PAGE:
Met Office warning - storms are on the way

Messenger Newspapers: Met Office warning - storms are on the way Met Office warning - storms are on the way

MET Office forecasters are warning that further heavy rain and gale force winds will affect the North West at times this week, bringing the risk of transport disruption.

The stormy conditions could bring damaging gusts of wind of up to 80 mph in some western areas of Britain on Tuesday night and Wednesday, which could cause some disruption because of fallen trees and high waves in coastal areas.

A Yellow Met Office Severe Weather Warning has been issued for gales and heavy rain, meaning people should be aware that severe weather is expected and should plan ahead for possible travel delays, or the disruption of day to day activities.

Will Lang, Met Office chief meteorologist, said: “We have more Atlantic depressions heading our way this week. Heavy rain and gales sweeping in from the west later on Tuesday and for Wednesday brings the risk of further flooding in some areas and possible disruption to transport and power supplies.

“However, there is some uncertainty about whether this area of low pressure will reach our shores, it may stay to the south of us and we are monitoring how it will develop.

“Throughout this spell of unsettled weather, everyone is advised to stay up to date with the latest Met Office forecasts and National Severe Weather Warnings and be aware that the weather may change or worsen, leading to disruption of your plans in the next few days.”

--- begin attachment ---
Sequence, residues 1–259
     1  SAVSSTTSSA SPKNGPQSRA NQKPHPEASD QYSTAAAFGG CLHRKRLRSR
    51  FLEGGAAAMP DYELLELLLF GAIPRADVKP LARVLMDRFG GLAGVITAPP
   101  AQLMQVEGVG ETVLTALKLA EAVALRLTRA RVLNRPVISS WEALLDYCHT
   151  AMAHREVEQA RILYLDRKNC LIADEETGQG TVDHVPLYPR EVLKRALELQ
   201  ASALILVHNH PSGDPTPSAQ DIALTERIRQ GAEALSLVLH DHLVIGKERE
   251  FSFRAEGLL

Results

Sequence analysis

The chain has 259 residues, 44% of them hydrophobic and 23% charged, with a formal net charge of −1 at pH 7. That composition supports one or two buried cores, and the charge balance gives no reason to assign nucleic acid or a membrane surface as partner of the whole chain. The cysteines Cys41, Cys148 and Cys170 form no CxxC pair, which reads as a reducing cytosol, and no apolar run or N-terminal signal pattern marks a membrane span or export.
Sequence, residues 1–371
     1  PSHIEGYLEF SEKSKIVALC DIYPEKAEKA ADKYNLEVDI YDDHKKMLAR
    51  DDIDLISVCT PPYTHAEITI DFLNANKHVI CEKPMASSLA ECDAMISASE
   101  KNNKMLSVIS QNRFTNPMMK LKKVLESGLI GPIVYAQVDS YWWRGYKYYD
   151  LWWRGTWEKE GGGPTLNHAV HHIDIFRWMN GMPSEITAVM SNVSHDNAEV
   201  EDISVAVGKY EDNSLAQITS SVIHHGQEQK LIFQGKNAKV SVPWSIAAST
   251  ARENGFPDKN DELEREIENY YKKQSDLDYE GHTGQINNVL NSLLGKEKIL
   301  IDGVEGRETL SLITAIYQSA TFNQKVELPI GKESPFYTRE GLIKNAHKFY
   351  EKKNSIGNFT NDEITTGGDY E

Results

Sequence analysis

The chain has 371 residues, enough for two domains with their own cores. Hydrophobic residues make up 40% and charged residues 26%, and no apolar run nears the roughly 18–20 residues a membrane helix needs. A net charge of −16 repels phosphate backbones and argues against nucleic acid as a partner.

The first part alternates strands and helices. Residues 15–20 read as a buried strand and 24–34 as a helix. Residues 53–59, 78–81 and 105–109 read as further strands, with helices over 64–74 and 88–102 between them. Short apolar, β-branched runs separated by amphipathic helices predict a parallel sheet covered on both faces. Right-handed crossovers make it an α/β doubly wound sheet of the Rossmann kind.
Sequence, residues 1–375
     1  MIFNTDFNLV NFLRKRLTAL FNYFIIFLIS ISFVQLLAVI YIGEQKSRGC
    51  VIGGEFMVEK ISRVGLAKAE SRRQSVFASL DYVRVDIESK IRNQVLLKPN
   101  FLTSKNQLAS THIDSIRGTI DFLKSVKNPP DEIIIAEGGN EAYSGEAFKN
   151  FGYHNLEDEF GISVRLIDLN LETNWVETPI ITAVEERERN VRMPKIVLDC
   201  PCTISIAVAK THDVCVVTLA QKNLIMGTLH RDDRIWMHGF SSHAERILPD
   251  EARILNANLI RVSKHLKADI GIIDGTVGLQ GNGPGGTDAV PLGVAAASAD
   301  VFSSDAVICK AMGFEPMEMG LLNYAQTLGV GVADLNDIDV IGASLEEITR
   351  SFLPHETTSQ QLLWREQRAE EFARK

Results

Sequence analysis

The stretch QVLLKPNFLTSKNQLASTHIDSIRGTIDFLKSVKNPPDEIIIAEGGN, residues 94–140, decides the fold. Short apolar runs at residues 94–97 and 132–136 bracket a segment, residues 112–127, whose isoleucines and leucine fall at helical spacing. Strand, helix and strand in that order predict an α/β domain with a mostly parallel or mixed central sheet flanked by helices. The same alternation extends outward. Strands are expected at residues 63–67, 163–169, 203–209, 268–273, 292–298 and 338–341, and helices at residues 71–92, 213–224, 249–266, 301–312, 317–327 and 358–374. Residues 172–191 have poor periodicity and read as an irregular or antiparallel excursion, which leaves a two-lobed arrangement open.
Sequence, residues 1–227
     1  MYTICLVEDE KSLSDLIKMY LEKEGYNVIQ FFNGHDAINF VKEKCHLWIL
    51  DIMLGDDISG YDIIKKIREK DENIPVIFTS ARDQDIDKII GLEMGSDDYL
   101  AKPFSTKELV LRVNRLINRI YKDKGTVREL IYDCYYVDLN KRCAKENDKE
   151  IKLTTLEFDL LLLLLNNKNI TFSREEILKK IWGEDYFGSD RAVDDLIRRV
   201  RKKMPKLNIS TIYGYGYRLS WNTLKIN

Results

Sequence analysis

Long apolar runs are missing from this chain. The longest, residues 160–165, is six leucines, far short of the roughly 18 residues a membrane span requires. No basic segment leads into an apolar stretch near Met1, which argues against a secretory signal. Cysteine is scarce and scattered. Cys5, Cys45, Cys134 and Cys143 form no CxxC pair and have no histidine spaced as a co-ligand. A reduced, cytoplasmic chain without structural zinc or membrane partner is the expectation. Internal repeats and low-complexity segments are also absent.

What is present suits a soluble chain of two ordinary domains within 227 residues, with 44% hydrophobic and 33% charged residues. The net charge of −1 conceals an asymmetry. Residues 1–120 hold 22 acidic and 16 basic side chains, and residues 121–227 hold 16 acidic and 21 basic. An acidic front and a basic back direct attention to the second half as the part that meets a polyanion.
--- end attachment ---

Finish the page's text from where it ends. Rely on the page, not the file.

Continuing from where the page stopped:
The gales will also continue to bring the additional risk of large and potentially hazardous waves in coastal areas.

Will Stephens, RNLI coastal safety staff officer, said: “With more stormy weather forecast, we’re asking people to take extra care if they’re going down to the coast.

"Rough seas and extreme weather might look exciting, but getting too close can be risky. So respect the water and, in particular, avoid exposed places where big waves could sweep you off your feet.”

Throughout this unsettled spell Met Office forecasters and advisors are working round the clock with its partners to keep everyone up to date with the latest forecast information so they can plan and prepare for the expected weather.

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